(Adds additional detail, comment from plaintiff, environmental
By Ros Krasny
WASHINGTON Aug 15 A U.S. court on Friday upheld
rules from the Federal Energy Regulatory Commission calling on
utilities to take various actions, including increased planning
of large transmission projects.
The U.S. Court of Appeals for the District of Columbia
Circuit affirmed FERC's "Order 1000," a series of measures from
2011 that requires large-scale regional planning of the nation's
electric grid designed in part to create greater access to
The case addressed whether states could be forced to
coordinate on transmission planning, carbon standards and paying
for actions to create new transmission capacity.
"The Commission reasonably determined that regional planning
must include consideration of transmission needs driven by
public policy requirements," the three-judge panel wrote in a
97-page unanimous ruling.
Among those challenging FERC's July 2011 order were dozens
of state regulatory agencies, public and private utilities,
regional transmission organizations and electric industry trade
Opponents bristled at being forced to coordinate on
transmission planning, arguing that Congress had "expressly"
allowed such coordination among utilities to be voluntary.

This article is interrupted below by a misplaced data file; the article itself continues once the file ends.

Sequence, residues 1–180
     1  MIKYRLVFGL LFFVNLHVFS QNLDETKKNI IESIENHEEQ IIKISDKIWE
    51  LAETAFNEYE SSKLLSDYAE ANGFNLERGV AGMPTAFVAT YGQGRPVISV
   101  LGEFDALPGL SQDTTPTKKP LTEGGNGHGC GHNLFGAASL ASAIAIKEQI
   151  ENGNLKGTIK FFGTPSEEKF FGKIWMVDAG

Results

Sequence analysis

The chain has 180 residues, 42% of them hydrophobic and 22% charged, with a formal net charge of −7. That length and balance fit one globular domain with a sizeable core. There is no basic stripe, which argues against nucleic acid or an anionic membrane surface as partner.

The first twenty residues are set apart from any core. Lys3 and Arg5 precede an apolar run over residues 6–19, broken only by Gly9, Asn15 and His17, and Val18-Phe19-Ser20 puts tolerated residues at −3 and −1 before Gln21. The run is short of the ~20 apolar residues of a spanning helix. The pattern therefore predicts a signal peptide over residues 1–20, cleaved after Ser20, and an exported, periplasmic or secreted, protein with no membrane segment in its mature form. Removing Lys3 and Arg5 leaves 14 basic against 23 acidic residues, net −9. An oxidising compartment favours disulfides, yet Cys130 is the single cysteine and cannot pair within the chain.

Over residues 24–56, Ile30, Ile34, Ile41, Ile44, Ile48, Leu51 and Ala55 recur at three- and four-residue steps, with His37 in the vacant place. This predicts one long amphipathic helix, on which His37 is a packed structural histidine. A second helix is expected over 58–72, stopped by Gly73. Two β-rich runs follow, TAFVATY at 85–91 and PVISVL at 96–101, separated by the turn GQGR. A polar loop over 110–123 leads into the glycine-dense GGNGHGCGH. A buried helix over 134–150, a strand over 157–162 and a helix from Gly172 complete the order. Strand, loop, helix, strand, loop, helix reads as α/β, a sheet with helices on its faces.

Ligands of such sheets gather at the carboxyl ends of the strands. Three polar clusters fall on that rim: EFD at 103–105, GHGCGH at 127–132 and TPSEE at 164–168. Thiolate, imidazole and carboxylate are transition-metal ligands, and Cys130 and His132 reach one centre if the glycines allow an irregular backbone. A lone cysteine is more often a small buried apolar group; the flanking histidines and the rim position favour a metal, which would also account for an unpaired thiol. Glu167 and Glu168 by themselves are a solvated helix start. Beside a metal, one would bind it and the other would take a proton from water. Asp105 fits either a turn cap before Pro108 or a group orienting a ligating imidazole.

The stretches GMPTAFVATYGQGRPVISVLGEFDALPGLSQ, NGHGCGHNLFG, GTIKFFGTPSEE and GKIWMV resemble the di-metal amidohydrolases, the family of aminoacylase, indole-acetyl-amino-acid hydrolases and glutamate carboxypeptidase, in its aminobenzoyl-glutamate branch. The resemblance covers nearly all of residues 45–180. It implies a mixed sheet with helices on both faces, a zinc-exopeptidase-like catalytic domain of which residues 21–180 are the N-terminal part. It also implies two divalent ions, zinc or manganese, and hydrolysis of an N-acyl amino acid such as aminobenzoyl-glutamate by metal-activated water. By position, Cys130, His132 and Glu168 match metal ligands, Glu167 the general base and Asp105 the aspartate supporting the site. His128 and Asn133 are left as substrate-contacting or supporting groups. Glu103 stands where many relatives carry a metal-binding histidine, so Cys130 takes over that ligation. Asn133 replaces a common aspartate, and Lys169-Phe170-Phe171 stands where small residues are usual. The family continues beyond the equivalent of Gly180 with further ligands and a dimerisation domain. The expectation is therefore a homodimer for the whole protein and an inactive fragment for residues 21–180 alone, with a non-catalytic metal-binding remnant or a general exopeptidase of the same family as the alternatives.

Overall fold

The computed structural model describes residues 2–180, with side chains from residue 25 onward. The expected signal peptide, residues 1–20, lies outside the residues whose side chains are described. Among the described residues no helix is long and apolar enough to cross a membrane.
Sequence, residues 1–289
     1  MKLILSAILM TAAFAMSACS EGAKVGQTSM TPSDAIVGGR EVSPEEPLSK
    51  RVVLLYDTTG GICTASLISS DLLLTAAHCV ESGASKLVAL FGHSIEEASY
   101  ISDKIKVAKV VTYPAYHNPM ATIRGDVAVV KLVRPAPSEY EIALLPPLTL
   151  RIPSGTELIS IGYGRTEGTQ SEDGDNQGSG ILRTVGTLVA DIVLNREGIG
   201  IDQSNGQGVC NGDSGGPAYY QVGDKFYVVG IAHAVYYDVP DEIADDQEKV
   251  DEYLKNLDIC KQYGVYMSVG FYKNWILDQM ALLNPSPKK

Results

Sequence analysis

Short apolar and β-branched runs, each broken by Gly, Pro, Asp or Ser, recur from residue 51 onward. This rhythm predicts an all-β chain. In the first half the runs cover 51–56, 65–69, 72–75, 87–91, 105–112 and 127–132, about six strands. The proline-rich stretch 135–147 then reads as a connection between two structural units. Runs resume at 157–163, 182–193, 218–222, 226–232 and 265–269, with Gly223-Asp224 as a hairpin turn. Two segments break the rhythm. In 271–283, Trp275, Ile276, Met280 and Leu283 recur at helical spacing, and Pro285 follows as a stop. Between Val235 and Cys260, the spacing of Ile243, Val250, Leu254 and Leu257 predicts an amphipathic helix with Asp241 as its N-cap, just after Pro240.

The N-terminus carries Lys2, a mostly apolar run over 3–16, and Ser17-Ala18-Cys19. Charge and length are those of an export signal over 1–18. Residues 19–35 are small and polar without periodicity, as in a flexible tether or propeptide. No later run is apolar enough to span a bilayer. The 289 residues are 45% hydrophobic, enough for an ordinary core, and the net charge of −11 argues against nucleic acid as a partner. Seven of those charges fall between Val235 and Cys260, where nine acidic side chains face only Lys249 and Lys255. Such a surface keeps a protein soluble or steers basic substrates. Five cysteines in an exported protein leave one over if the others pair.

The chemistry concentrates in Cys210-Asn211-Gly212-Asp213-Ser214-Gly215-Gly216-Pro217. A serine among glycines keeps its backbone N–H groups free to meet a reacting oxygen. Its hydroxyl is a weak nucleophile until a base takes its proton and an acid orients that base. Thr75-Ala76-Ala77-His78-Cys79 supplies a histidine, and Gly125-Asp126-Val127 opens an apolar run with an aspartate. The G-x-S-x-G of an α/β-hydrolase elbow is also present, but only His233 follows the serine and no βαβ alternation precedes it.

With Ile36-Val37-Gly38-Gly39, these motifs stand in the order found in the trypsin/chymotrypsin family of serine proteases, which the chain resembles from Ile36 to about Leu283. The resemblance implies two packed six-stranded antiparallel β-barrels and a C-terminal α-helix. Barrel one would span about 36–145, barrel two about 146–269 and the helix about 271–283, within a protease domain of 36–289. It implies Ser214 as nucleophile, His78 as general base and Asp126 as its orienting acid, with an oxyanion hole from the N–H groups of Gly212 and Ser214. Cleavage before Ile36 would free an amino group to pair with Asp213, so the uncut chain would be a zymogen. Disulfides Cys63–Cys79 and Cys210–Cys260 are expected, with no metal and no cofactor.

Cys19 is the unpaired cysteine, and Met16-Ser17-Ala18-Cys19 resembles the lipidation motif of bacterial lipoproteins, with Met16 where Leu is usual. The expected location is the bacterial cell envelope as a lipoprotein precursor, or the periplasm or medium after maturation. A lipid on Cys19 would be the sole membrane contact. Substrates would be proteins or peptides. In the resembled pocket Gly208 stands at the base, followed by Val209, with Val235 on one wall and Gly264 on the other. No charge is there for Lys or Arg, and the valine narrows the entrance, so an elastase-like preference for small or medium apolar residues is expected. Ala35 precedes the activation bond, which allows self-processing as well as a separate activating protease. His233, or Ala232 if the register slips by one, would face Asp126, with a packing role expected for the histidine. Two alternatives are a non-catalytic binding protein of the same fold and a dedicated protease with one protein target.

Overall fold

They also opposed the costs involved, which would be a
departure from the usual process of passing costs onto
"Petitioners raise three challenges to the orders'
requirement that regions establish procedures that account for
the impact that federal, state, and local laws and regulations
(i.e., public policy requirements) will have on transmission
systems. None is persuasive," the court said in its ruling.
One of groups that opposed FERC 1000, the Coalition for Fair
Transmission Policy, said it was considering whether to pursue
further legal action and also called on lawmakers to respond.
"This decision provides added impetus for Congress to assist
energy consumers by addressing national transmission policy and
the future of the nation's electricity grid," the coalition,
whose members include Southern Co. and DTE Energy
said in an emailed statement.
Environmental groups praise the outcome as a win for clean
"FERC 1000 is the key to unlocking efficiencies that have
the potential to incorporate more clean energy solutions in the
planning process, which will result in low-cost electricity and
clean air," said John Finnigan, lead counsel with the
Environmental Defense Fund.
Order 1000 is especially important for regions without
regional electricity markets, like the Southeast and most of the
West, said John Moore of the National Resources Defense Council.
"Until recently, these regions had very little in the way of
meaningful regional planning, with little transparency or
stakeholder involvement. Each utility mostly did its own local
planning," Moore wrote in a blog post lauding FERC'S
"commonsense approach" to transmission planning.
The case is South Carolina Public Service Authority, et al,
v FERC, U.S. Court of Appeals for the District of Columbia
Circuit, No. 12-1232.
(Reporting by Ros Krasny; Editing by Susan Heavey and Sandra